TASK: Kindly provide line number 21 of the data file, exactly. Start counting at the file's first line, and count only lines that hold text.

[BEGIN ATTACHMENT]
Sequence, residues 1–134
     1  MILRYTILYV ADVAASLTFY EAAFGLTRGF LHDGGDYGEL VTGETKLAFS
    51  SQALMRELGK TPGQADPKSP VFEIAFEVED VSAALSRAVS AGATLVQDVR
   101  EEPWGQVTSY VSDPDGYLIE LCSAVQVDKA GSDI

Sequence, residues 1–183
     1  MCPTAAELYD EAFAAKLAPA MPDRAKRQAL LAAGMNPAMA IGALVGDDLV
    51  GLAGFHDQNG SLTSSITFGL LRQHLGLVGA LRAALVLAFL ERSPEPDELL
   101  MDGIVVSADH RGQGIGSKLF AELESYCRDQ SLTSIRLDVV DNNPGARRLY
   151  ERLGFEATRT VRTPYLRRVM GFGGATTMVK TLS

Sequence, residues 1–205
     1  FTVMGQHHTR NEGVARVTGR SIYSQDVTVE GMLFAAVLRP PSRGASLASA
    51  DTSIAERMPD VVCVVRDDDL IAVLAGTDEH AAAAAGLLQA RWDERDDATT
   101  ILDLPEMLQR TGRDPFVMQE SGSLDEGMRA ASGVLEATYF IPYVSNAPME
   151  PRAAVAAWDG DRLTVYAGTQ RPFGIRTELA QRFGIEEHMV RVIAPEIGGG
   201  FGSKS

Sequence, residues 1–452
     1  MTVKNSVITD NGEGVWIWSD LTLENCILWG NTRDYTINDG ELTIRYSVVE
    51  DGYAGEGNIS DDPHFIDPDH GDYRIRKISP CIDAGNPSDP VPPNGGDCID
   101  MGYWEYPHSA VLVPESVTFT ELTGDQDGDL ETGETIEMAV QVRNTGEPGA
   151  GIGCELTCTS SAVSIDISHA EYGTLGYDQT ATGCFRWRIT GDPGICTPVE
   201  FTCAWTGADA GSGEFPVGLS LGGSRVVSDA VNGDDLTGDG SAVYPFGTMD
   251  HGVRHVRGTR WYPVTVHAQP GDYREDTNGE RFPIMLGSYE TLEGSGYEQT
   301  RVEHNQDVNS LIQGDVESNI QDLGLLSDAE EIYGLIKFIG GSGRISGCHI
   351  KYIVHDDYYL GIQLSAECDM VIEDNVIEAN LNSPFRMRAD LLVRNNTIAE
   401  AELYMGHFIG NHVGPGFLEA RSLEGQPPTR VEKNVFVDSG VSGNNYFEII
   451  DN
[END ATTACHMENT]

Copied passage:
   201  FTCAWTGADA GSGEFPVGLS LGGSRVVSDA VNGDDLTGDG SAVYPFGTMD